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    Search for creative work led to the software industry

    Mark Stenbäck enjoys the versatility and flexibility of work at Insta.  Working as an architect is also more productive when working at your own pace.

    From a junior developer to an architect

    During my career, I've seen several companies from start-ups all the way to big international companies and everything in between. For the first eight years, I focused on software development. In school, I felt I was a creative person who couldn't sing, act, or draw, but I was pretty good at writing, so the software side felt like a sensible way to bring out my creativity. Coding hasn't been the thing for me, though; in order to work as an architect and use creativity, one still must first know how to program - one must understand what the work is about and how it is done to be able to tell others what we are going to do. So I started with a junior developer and progressed from it as my skills developed.

    Back then, at worst, spec could come on post-it notes. Most of the projects ran into difficulties because there was no proper understanding of what we really needed to do. I started thinking that if no one else is doing the specification properly, I will do it myself. For example, I began to find out what the project was really about, what requirements and interfaces were involved. I tried to understand the needs of users and stakeholders, identify the risks, what information should be handled in the system, and, in general, what kind of overall solution the customer would need. With that, I eventually became the person who was first asked to talk to the client. In the same way, I ran into Scrum and Kanban, because the project's success requires not only good specs but also a well-functioning process and, of course, a little more.

     

    Proudly generalist

    I started working at Insta Digital, then Intopalo Digital, in the autumn of 2019. I have been studying for a Master's degree and got acquainted with Intopalo in a course led by them on the Secure Development Lifecycle (SDL). Security matters have been a kind of common thread in my career. In my work with definition and development, I've tried to get a grip on them as I ponder how the systems I have developed could be attacked against so that they could be protected accordingly. With Intopalo, the idea eventually crystallized, and when they seemed to have quite a few projects related to the field, I decided to apply with an open application; I justified well why I should be hired and got in.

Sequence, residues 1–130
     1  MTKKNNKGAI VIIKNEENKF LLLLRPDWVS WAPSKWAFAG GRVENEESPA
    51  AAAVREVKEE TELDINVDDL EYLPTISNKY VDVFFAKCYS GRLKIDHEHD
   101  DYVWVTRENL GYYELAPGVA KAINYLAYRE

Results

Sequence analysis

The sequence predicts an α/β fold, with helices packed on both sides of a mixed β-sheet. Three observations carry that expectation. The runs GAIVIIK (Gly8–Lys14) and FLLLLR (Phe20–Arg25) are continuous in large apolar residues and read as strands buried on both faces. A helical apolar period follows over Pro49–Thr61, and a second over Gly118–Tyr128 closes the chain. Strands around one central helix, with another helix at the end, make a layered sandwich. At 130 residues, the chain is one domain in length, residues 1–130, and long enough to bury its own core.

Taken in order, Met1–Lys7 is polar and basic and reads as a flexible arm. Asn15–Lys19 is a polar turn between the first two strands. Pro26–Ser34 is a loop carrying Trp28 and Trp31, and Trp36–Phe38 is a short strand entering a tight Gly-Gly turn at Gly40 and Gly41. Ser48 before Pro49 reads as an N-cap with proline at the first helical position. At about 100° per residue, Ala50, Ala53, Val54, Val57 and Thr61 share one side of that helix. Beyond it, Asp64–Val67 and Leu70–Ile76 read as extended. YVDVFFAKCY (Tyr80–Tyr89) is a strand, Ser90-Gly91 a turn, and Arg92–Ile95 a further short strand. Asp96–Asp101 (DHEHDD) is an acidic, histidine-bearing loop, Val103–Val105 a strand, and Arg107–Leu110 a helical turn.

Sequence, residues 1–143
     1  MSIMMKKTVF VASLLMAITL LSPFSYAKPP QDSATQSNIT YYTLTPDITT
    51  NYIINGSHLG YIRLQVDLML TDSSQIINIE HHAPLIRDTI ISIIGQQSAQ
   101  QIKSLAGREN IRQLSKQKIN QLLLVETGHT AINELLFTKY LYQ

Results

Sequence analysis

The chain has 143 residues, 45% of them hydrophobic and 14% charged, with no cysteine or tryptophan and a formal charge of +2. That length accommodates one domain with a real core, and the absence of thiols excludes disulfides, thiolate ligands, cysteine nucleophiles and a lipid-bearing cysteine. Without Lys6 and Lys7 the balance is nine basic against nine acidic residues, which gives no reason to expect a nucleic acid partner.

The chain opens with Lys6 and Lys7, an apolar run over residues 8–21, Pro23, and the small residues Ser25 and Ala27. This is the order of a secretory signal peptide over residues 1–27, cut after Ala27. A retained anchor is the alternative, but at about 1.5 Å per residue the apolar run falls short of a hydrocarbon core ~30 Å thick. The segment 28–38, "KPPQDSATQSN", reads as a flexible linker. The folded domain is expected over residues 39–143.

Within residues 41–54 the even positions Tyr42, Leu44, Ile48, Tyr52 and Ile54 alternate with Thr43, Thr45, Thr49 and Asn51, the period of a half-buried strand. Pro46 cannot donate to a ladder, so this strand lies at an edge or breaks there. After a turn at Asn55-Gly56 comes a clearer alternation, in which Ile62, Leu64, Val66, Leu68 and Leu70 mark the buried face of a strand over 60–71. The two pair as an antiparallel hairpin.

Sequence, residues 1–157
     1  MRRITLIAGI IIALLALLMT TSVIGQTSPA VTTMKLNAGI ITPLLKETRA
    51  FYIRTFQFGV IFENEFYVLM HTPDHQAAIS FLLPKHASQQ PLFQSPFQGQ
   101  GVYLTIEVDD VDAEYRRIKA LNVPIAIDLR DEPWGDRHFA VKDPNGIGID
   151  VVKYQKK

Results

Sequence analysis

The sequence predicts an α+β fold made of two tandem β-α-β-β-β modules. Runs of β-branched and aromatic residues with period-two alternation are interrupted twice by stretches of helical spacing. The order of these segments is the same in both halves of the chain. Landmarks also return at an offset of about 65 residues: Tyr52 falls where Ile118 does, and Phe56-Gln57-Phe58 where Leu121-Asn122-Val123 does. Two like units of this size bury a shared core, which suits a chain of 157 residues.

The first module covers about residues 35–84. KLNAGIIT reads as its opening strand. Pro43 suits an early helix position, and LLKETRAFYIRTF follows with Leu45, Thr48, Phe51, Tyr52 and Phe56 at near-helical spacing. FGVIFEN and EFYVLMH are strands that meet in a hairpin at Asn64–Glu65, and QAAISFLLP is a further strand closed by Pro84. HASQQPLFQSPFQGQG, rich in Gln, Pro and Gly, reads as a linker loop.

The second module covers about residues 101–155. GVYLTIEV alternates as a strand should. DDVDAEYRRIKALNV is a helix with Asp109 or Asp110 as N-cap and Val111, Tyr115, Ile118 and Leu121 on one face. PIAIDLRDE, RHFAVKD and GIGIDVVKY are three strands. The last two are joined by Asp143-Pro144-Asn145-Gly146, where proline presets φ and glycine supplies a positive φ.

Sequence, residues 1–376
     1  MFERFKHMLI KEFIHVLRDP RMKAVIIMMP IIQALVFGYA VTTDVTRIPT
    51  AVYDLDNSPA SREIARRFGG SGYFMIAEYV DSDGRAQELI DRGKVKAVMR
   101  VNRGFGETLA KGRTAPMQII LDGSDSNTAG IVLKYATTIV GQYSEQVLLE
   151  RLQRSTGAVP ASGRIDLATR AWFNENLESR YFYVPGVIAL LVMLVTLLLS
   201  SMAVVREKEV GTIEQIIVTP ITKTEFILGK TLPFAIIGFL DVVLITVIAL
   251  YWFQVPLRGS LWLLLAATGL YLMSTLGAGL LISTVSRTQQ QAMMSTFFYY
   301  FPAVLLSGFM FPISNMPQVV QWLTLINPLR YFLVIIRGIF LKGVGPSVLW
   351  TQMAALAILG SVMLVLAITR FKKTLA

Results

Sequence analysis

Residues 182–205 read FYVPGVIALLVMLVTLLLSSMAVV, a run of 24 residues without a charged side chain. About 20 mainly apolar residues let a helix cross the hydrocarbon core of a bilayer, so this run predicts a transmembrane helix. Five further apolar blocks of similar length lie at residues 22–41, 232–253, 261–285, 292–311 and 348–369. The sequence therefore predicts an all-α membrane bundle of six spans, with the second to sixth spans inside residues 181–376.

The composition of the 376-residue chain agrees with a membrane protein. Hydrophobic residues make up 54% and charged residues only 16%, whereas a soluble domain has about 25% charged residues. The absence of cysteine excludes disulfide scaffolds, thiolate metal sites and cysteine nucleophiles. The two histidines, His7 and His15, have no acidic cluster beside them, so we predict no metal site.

I see myself as a generalist; my expertise is wide-ranging, but on the other hand, it is not always as in-depth as that of those specializing in a particular area of ​​expertise. I joined Intopalo to specialize in security projects, but as a generalist, it has been easy for me to be involved in very different projects whenever needed. As a result, at Insta, I have been involved in diverse projects and roles, from software architect to security consulting and from leading a development team to overall architecture work. After 20 years of doing a little bit of everything, jumping into a new project is quick. Everything can be learned and taught, if not otherwise, then by staying even a few steps ahead of the others.

     

    Development of things and yourself at your own pace

    In the software industry, however, the pace can sometimes be too fast. In previous organizations, I tried to talk a little bit about not running yourself to the ground and taking care of yourself. Like many other people in the software industry, I came to learn that the hard way with two burnouts. At Insta, I have been well able to regulate my pace of work. In the software sector, it should not matter where and when the work is done, as long as it is done as agreed by the agreed time. The mind needs to be in the right state in creative work to progress smoothly. Thus, if the mornings seem heavy, you can sometimes work in the evening and even at night and in the morning sleep longer if there are no meetings or other agreed obligations. The rule of thumb is that these things can be flexible to enhance one's well-being, as long as it does not interfere with other people's work.

    When you get to work at your own pace, you don't get so stressed. It also allows you to have more free time. My dog takes me for a walk every day, but there is also time for activities such as reading and small home projects and, of course, computer games, which I've been playing since childhood. This summer's project is to learn aerial photography with a drone, which provides an excellent excuse to go to national parks and other places of interest.

    Insta Digital is different from the organizations in which I previously worked. Everyone takes responsibility for their own work and shared matters when there are no supervisors. Here you can do a lot and truly grow to your full potential. You can't just passively wait for someone to tell you what to do. When activity and initiative are encouraged, there are better than usual opportunities for personal and organizational development.

     

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